This is why I always keep my soup bowl or ask for one if I didn't have soup. Much easier to handle than any plate when eating with chopsticks.
AFAIK the only chicken dish that's bone-in by default is the "large plate of spicy and peppery chicken." The time we ordered it, the waitress warned us about the bones and offered a boneless version for an extra $2.
Re dumplings: for most dumplings (but not shrimp ones), IMO the ideal "sauce" is red vinegar. Ask for it if it isn't offered.
re: Mr F
A shame, because we found the boneless version exquisite as long as you like serious heat; I don't think a mild version would be worthwhile.
The bigger issue is that most of the wait staff don't speak much English or French, presumably because most of the clientele is Chinese.
There is at least one waitress at Niu Kee who speaks very good English (not sure about French), but either she doesn't work there full time or doesn't serve non-Chinese customers by default.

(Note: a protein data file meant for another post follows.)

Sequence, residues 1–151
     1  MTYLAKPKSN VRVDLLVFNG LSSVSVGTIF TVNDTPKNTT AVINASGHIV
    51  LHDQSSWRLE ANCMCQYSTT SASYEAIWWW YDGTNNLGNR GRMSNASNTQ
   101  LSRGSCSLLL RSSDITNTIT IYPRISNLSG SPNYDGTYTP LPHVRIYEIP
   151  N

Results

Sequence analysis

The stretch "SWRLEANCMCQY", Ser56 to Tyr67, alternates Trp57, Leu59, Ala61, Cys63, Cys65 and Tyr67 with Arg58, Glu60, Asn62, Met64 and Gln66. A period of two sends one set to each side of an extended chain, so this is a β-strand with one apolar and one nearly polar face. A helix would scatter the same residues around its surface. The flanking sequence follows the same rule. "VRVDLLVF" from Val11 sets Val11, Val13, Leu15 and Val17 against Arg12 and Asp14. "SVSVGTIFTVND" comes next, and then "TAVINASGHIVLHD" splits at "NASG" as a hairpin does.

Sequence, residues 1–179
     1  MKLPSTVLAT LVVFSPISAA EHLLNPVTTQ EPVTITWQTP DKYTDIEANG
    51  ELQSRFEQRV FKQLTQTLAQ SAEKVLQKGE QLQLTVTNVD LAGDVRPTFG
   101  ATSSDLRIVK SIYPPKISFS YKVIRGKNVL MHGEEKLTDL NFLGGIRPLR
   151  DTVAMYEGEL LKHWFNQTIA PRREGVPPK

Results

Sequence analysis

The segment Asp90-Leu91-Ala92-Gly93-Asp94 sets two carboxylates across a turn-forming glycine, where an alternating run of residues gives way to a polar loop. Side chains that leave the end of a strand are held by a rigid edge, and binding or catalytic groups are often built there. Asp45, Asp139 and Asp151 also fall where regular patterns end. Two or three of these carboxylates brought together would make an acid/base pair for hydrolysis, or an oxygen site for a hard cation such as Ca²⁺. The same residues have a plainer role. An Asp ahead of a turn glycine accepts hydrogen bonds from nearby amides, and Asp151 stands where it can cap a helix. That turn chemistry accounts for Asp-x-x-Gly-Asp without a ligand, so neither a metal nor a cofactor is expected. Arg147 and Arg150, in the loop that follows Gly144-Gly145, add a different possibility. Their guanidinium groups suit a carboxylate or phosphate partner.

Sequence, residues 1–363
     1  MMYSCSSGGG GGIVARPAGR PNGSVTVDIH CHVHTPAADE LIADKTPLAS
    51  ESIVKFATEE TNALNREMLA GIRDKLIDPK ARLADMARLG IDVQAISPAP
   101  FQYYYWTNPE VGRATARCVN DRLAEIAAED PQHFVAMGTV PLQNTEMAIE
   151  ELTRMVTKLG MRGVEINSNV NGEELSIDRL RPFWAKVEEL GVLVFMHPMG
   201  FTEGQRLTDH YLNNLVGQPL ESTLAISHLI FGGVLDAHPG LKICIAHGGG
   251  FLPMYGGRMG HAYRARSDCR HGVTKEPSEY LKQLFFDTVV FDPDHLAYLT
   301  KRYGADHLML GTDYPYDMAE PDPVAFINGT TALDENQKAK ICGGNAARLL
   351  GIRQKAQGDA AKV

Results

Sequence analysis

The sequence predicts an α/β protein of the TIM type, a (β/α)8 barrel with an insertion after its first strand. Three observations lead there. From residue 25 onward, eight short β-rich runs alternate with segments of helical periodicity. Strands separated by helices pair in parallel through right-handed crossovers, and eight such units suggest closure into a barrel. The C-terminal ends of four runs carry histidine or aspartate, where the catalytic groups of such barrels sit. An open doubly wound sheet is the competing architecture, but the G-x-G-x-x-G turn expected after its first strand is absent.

Not a problem most of the time, but it does become one for issues like this or for getting the scoop on the handful of menu items listed in Chinese only. We've received iceberg lettuce in garlic sauce (surprisingly good, BTW) when expecting asparagus ("iceberg" came out sounding like "asperge") and had a waitress mime a frog hopping when telling us about a dish with frogs' legs...
I usually order the dumplings because they are not spicy and children like them, not because they are outstanding. They are very simple. I don't think I would bother ordering them for a group of adults.
Their mapo tofu is very spicy and very good. But I also enjoyed another tofu dish that was similar but not as spicy .. I think it maybe have been called spicy tofu? You don't need to navigate the peppercorns as carefully for that one.
We had a child-friendly version of the sour potato strips that they prepared for us i.e. no chili. It was interesting but I wouldn't order it again.
The hot and sour soup at Beijing is very good too - it's a textural difference maybe?